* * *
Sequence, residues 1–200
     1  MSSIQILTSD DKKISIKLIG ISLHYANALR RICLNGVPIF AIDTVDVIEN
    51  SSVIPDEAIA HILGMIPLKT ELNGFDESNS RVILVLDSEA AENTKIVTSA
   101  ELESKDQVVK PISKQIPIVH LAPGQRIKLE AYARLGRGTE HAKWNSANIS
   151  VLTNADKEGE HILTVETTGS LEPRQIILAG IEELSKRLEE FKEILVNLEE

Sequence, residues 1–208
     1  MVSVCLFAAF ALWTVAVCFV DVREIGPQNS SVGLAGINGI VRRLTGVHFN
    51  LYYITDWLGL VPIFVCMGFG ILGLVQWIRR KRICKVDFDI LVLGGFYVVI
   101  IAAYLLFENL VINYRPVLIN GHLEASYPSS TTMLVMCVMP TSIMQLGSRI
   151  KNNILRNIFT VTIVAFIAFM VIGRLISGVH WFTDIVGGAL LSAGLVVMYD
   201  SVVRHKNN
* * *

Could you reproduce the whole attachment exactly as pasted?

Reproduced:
Sequence, residues 1–200
     1  MSSIQILTSD DKKISIKLIG ISLHYANALR RICLNGVPIF AIDTVDVIEN
    51  SSVIPDEAIA HILGMIPLKT ELNGFDESNS RVILVLDSEA AENTKIVTSA
   101  ELESKDQVVK PISKQIPIVH LAPGQRIKLE AYARLGRGTE HAKWNSANIS
   151  VLTNADKEGE HILTVETTGS LEPRQIILAG IEELSKRLEE FKEILVNLEE

Sequence, residues 1–208
     1  MVSVCLFAAF ALWTVAVCFV DVREIGPQNS SVGLAGINGI VRRLTGVHFN
    51  LYYITDWLGL VPIFVCMGFG ILGLVQWIRR KRICKVDFDI LVLGGFYVVI
   101  IAAYLLFENL VINYRPVLIN GHLEASYPSS TTMLVMCVMP TSIMQLGSRI
   151  KNNILRNIFT VTIVAFIAFM VIGRLISGVH WFTDIVGGAL LSAGLVVMYD
   201  SVVRHKNN